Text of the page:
Fig. 3.

Histological and immunochemistry findings of the specimen. Histology results are shown in this photo. Each section is stained in (A) periodic acid-Schiff staining with diastase (PAS-D), (B) S-100 protein, and (C) CD68. Histocytes were PAS-D negative, S-100 positive, and CD68 positive. All three images show the inflammatory cells engulfed by the cytoplasm of histiocytes (A and B, ×100; C, ×400).

The patient had no underlying diseases other than non-alcoholic fatty liver disease. She had undergone regular health check-ups, and the blood tests at her first visit with us were normal, making systemic diagnosis difficult. The results of the last biopsy were considered to indicate cutaneous RDD be-cause the patient did not have any other distinct symptoms. However, a thorough retrospective investigation revealed that the patient had repeatedly experienced cervical lymph node enlargement. Additionally, she sometimes experienced night sweats and fever, which she thought were inconsequential. Therefore, it was reasonable to regard the skin manifestations as extranodal symptoms of classical RDD.

After the last biopsy, the patient was followed-up monthly without supplementary treatment such as steroid therapy. There was no recurrence or any other complications for 6 months. The excision site healed well with satisfactory cosmetic results. Additionally, the patient underwent a chest and abdominopelvic computed tomography (CT) to rule out undiscovered lymph node or organ invasion; no specific invasion was found. However, RDD can commonly recur; hence, the patient requires long-term follow-up (Fig. 4).

Fig. 4.

Photograph taken 6 months after the last excision. The excision site healed well with minimal scarring and skin dimpling. No on-site recurrence or inflammation occurred during fol-low-up.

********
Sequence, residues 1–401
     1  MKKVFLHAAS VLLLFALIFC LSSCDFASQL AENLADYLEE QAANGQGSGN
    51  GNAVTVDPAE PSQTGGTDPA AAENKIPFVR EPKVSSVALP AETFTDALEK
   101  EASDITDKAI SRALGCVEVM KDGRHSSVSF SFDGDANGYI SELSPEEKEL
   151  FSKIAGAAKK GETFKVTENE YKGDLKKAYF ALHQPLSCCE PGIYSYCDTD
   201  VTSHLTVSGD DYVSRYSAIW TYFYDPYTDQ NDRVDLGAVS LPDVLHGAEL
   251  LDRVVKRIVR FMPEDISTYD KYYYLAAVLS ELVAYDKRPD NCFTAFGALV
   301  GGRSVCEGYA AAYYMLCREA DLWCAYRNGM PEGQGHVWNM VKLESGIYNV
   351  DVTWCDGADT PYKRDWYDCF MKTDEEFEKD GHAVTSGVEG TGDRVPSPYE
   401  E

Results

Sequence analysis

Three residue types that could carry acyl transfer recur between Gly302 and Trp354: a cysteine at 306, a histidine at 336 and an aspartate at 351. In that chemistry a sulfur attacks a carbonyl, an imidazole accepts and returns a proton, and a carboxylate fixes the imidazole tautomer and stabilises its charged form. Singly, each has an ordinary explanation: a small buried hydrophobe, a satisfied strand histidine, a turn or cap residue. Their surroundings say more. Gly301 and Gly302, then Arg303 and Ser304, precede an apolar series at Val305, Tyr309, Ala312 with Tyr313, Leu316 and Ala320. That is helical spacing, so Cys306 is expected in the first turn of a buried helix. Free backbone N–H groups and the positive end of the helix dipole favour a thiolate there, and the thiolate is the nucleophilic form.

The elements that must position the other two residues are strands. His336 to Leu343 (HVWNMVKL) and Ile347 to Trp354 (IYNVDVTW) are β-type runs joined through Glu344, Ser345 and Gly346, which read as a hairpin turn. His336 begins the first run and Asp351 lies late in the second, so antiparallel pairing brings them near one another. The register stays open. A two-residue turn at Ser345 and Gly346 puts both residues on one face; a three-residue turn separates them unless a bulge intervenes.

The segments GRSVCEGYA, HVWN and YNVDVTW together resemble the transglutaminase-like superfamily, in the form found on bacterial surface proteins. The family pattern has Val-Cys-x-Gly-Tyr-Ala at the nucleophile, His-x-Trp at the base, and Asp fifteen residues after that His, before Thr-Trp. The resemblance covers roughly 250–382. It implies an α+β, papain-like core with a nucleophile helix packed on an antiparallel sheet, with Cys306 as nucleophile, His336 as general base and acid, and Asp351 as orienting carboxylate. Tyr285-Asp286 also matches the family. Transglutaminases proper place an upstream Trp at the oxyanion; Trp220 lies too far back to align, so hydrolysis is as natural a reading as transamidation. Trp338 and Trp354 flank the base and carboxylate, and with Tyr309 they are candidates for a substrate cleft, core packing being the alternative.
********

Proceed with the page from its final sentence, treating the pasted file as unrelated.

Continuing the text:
Discussion

RDD was first described in 1965 by Destombes and later rede-fined in 1969 by Rosai and Dorfman [13]. As the disease is extremely rare, there is a paucity of contemporary articles, and its pathogenesis is not yet fully understood. Some recent articles have suggested its association with IgG4-related diseases, but this is still being debated [4,5].

RDD, also known as sinus histiocytosis with massive lymphadenopathy, is characterized by lymph node invasion in 33% of patients [2]. While it can invade lymph nodes all over the body, it primarily invades those in the head and neck region. Central nervous system (CNS) invasion is usually limited to dura-based, extra-axial areas, and rarely involves the cerebrum or spinal cord. Patients with CNS invasion present with location-based neurological symptoms, such as headache, seizure, muscle weakness, and paresthesia [6]. Extranodal invasion occurs in more than 40% of patients and can occur in the skin, nasal cavity, bone, CNS, and gastrointestinal tract. The head and neck are the most vulnerable areas for skin invasion, fol-lowed by the torso [1,3].